Editor’s note: “Need to Know” is a series inspired by common forum questions and comments from readers. Have a comment or question about MS? Visit our forum. This week’s question is inspired by the forum topic “When do you tell your employer about your MS?” from Jan. 15, 2019.
What a prickly question. After all, few of us are lawyers or employers. All we have is our real-world experience and anecdotes from our peers and loved ones.
I faced this decision right around the time I received my multiple sclerosis diagnosis. I was finishing up a medical certification program, working “clinicals” at a hospital lab and sending out resumés.
Two weeks post-diagnosis, I landed an interview for a job at a clinic a short drive from home. That was a big deal. I live on an island, and I’d be working 12-hour overnight shifts. Under those conditions, commuting might be a dealbreaker. Ferry fare is costly, and I didn’t relish the idea of losing at least two more hours of sleep because of the commute.
I was also slated to start Tecfidera (dimethyl fumarate) on the morning of my job interview. I’d heard all the horror stories about its side effects. As I was worried about the possibility of adverse reactions, I put off taking it until the following night.
The interview went fine. I passed the technical assessments, accepted their offer, and was sent to human resources to complete the post-interview paperwork.
This documentation included questions about my ability to perform the tasks outlined in the job description.
Ugh. I was faced with a dilemma: To disclose or not to disclose my MS?
What is disclosure?
To disclose something is to reveal private information to others voluntarily.
Within the workplace context, disclosure is the act of revealing your health condition to your current (or potential) employer.
Why disclose? Here are the reasons that you might decide to reveal your MS:
- You need job-related accommodations: variable hours, special lighting, air conditioning, etc.
- You want to enjoy the benefits and privileges of employment.
- You have unusual circumstances that need an honest explanation.
While the Americans with Disabilities Act (ADA) prohibits discrimination — including in the workplace — against people with physical or mental health concerns, there are no guarantees that the law will be enforced or will even exist in the future.
Many who need special accommodations to do their jobs fear being bullied or stigmatized if they disclose their needs. They often opt to hide their conditions, if they can, to protect their job status or avoid negative feedback.
Where to find advice
I researched on the National Multiple Sclerosis Society’s website. While reading some useful information on the topic, I discovered footnotes to a resource of which I hadn’t previously been aware: the Job Accommodation Network (JAN).
What is JAN?
For 35 years, JAN has provided free, confidential advice about illness and disability employment issues and workplace accommodation to employers and people with disabilities and their families.
JAN’s legal experts can untangle the web that is the ADA. The resource, funded by the U.S. Department of Labor, Office of Disability Employment Policy, was developed in collaboration with West Virginia University and private industry.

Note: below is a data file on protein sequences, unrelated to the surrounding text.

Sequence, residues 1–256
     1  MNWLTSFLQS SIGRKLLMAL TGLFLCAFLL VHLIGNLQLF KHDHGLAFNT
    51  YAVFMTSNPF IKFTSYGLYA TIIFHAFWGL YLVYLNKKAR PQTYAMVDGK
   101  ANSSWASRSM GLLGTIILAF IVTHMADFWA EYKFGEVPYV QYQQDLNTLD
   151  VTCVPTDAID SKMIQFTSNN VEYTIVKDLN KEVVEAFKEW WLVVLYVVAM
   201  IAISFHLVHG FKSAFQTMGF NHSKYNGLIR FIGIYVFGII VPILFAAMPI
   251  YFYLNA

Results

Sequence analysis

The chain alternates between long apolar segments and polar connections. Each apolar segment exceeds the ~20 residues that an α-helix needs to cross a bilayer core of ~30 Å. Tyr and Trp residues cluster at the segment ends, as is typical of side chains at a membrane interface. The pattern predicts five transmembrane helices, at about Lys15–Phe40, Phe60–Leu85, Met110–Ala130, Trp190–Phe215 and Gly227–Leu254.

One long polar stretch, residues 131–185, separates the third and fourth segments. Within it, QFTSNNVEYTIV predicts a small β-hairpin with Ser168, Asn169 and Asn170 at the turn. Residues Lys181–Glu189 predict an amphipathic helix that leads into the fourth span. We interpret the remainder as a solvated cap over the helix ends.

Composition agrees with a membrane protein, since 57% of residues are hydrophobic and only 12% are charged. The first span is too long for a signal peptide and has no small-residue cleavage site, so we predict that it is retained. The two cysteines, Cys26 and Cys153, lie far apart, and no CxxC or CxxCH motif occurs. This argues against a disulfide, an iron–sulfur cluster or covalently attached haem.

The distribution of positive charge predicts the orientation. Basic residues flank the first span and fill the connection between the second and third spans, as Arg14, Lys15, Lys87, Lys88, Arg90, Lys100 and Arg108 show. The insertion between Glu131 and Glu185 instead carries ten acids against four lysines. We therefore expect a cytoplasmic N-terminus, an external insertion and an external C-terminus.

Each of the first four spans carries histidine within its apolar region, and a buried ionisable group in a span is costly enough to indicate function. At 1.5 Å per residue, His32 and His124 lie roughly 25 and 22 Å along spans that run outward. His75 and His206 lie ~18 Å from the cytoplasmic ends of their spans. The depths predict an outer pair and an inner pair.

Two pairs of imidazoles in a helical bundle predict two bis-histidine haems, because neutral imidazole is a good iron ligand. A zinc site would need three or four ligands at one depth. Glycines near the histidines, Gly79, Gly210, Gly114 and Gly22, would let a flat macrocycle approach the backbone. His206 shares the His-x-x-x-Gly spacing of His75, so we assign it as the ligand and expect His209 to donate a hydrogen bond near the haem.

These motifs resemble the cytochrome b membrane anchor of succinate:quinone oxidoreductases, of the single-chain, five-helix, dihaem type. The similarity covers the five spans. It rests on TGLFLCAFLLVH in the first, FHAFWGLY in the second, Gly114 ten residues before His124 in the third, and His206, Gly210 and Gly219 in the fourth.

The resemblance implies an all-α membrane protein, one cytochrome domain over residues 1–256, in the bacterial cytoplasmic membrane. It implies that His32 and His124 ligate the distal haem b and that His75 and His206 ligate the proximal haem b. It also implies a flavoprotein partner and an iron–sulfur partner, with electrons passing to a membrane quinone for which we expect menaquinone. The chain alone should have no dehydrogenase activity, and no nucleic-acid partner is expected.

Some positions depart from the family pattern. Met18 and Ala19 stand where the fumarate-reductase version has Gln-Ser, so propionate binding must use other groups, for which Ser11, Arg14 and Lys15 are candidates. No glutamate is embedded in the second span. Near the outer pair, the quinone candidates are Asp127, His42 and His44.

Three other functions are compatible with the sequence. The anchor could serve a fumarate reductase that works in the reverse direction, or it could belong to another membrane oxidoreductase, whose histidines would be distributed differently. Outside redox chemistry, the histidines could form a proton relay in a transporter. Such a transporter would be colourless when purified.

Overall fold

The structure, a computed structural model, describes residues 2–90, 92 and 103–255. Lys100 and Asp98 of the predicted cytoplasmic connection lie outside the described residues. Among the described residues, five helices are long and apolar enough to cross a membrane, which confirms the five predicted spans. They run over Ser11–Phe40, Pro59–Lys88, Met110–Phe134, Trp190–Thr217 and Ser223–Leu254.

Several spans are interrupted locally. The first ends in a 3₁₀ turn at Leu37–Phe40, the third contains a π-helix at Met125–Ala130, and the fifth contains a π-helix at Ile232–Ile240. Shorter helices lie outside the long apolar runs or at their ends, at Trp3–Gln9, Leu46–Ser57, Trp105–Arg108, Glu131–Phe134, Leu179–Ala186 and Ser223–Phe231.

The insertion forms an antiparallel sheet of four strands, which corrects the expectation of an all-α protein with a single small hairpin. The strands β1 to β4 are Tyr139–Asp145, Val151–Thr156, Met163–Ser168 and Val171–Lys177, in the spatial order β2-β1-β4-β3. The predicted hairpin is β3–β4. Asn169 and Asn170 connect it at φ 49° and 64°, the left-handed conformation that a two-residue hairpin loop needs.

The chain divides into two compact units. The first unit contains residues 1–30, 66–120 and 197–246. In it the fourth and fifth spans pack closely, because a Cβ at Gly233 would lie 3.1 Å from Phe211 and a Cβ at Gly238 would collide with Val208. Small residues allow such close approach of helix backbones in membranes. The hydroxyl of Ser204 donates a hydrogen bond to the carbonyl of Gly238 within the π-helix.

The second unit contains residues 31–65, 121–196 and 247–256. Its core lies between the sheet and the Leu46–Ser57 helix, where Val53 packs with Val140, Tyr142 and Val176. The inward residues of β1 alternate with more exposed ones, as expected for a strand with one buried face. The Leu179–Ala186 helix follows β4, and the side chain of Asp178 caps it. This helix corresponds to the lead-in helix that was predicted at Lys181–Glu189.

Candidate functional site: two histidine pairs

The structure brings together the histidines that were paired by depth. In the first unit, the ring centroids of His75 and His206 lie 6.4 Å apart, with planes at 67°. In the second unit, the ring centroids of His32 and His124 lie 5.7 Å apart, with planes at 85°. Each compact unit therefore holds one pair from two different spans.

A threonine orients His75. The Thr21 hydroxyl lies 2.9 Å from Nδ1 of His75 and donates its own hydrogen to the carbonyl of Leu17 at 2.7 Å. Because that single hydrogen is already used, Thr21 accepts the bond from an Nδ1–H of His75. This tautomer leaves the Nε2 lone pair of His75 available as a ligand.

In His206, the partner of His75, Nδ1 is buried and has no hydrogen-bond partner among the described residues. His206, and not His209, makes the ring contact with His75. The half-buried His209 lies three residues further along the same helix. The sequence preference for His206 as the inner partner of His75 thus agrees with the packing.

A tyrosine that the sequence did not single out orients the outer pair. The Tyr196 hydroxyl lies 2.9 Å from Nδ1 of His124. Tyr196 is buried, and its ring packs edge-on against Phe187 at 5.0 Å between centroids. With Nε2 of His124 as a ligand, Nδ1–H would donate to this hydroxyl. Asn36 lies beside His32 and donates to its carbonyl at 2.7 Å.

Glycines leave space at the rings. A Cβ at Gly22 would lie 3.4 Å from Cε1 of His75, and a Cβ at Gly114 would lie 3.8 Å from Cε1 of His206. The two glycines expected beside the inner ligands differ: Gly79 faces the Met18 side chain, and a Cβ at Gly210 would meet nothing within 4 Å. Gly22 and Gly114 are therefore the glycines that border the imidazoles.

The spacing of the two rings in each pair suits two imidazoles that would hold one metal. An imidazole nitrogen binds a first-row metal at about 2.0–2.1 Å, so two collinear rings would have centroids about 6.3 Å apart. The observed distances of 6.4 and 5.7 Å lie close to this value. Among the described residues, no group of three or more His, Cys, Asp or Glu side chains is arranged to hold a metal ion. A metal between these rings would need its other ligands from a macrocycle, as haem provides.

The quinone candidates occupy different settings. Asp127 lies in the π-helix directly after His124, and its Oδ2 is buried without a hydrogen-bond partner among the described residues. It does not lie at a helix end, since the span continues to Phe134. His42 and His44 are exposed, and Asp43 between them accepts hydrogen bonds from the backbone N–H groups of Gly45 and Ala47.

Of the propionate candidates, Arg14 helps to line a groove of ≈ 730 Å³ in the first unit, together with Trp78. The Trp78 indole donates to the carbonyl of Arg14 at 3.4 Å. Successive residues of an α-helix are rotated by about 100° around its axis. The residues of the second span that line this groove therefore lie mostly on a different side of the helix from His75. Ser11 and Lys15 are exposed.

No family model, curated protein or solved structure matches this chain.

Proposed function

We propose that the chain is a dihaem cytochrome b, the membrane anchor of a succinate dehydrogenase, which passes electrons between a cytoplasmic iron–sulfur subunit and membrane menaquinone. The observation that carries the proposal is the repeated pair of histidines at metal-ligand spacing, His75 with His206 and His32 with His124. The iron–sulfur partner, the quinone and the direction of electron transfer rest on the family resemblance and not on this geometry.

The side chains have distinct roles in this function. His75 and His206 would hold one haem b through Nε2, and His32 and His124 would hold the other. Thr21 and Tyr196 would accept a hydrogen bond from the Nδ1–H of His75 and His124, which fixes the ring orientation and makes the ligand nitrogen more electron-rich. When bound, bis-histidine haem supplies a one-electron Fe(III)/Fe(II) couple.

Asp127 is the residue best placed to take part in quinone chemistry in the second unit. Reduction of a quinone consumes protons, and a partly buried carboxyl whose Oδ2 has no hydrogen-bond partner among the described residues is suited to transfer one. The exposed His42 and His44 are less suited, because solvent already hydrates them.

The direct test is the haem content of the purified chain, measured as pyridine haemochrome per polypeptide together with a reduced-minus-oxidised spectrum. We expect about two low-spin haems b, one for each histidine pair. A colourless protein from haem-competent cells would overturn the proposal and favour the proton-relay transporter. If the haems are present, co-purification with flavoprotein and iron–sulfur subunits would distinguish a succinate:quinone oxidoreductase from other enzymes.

Guess what? Your boss isn’t the same as HR
This is perhaps the most important thing that I learned from JAN. There’s a time and a place for safely disclosing a health condition along the pathway to employment. JAN can give you guidance on the hierarchy of “who should know what” and appropriate protocols for navigating this system.
What I did
I don’t leave things to chance. Employment is a complex process. I wanted the job, but I also wanted to protect my interests.
Following advice from a single phone consultation with a JAN staffer, I decided not to disclose my MS to my boss.
However, I did reveal my condition to the human resources department in the meetings that followed my job offer letter and its acceptance.
Why? I was taking medications — modafinil — that could be flagged in my urine test. I was also keenly aware of the unpredictable nature of MS and realized that I might require accommodation in the future, and that it could be difficult to get adaptations without this information in my files.
Thanks to JAN, I was able to move forward without fear.
HR never revealed my condition to my boss.
I worked until I could no longer manage the third shift — circadian disruption is incredibly challenging for people with MS. During that time, I received positive job reviews and even enjoyed a raise.
Today’s lesson: Don’t be afraid of the unknown. JAN can help you navigate these waters.
Have an experience you want to share? Leave a comment here or at the original forum topic.
Note: Multiple Sclerosis News Today is strictly a news and information website about the disease. It does not provide medical advice, diagnosis, or treatment. This content is not intended to be a substitute for professional medical advice, diagnosis, or treatment. Always seek the advice of your physician or other qualified health provider with any questions you may have regarding a medical condition. Never disregard professional medical advice or delay in seeking it because of something you have read on this website. The opinions expressed in this column are not those of Multiple Sclerosis News Today or its parent company, BioNews Services, and are intended to spark discussion about issues pertaining to multiple sclerosis.
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